It took longer than I expected for Nimble Storage to introduce an all-flash array, but their AF7000 looks to be a very credible offering. They’re targeting XtremIO and Pure with their marketing, but I expect HP, Dell, and especially NetApp to be cross-shopped more frequently. In that fight, I expect the Nimble AF7000 to be very attractive indeed!
Waves of innovation and waves of companies, crash on the storage market, but the same incumbent leaders and product lines survive for decades. Are things changing? It’s hard to see sometimes, but real progress has been made.
EMC’s XtremIO is crapping on the badge; it’s an immature ball of destruction that shows how much architecture matters. Or so my favorite storage bloggers say. But customers and resellers seem to have a different take on the destructive XtremIO 3.0 update: They don’t care. Not at all.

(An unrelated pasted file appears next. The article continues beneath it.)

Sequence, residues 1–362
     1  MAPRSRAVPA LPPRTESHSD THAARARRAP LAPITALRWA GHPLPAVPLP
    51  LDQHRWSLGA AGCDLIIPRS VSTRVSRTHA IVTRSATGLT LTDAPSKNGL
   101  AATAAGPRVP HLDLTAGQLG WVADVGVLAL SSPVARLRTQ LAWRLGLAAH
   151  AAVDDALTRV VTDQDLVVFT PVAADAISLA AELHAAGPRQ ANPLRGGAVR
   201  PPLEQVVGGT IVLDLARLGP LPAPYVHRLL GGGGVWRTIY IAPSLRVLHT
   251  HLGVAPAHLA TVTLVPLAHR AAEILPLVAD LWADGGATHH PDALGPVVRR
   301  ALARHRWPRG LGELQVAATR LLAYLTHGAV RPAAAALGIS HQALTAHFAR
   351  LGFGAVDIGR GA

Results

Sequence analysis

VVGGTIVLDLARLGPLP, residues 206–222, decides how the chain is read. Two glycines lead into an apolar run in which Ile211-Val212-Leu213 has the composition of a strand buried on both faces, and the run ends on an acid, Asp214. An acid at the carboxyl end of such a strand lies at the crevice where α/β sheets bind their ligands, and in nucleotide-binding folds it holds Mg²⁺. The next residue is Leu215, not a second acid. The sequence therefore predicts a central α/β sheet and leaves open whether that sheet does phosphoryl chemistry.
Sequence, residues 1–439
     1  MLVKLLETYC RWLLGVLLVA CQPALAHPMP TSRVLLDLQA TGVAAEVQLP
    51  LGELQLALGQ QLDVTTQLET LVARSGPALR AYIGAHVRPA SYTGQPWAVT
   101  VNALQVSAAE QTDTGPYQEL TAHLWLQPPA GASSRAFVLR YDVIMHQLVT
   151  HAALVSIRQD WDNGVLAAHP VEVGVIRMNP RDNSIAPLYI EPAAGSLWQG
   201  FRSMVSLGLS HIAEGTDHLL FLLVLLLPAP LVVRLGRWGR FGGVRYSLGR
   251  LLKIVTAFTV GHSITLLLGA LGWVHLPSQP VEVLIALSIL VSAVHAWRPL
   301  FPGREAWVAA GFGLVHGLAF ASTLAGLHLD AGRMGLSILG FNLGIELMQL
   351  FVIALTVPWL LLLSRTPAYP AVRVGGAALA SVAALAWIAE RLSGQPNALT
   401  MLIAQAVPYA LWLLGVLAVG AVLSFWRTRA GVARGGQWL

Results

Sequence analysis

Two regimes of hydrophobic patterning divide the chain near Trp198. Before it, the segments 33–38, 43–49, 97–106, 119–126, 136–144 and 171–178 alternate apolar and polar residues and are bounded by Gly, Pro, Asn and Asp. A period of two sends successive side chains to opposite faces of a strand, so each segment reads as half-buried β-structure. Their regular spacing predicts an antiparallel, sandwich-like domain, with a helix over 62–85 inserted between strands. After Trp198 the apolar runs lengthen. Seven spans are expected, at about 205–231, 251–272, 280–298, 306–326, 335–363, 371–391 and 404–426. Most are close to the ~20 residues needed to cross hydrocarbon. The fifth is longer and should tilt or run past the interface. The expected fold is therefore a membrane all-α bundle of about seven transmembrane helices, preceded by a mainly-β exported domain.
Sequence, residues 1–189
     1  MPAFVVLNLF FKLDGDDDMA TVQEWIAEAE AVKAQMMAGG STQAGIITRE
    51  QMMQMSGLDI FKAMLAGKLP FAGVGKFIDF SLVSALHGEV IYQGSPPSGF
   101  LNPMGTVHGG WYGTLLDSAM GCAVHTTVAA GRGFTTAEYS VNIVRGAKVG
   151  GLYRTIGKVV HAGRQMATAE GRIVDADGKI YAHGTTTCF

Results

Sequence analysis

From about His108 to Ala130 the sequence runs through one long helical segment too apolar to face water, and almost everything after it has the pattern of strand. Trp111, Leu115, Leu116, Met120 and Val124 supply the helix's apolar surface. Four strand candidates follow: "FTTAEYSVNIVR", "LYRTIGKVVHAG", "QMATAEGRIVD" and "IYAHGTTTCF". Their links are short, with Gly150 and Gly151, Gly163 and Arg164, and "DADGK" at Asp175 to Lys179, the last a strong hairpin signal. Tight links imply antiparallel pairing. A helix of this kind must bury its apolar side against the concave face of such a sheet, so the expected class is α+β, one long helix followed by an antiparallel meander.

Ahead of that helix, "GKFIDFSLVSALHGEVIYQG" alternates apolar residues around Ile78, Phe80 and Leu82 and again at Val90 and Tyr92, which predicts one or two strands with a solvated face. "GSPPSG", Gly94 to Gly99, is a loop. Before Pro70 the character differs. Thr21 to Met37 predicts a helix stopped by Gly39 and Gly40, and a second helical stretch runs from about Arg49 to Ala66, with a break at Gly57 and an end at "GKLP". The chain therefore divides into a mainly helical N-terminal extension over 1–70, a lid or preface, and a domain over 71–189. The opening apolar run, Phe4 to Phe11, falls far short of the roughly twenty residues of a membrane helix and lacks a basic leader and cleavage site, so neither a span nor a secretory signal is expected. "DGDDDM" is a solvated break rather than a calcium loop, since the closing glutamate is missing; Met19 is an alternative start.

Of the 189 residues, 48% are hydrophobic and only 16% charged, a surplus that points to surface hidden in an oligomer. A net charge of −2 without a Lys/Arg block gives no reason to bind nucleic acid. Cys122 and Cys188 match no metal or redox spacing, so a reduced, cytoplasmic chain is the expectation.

Ask any project manager if it’s possible to deliver something that is fast, good, and cheap, and they’ll laugh. The phenomenon known as the Iron Triangle limits just about everything in the world from meeting all three conflicting requirements. Yet, for the last two decades, enterprise storage array vendors have been trying to deliver just this. How’s that working out?
The drumbeat of solid-state storage announcements continued today, as Kaminario introduced the next generation of their DataProtect operating system. New features like snapshots and replication extend the companies K2 storage systems further into the mainstream, while a new data protection scheme dubbed RAID 10HD and availability enhancements will likely please customers as well.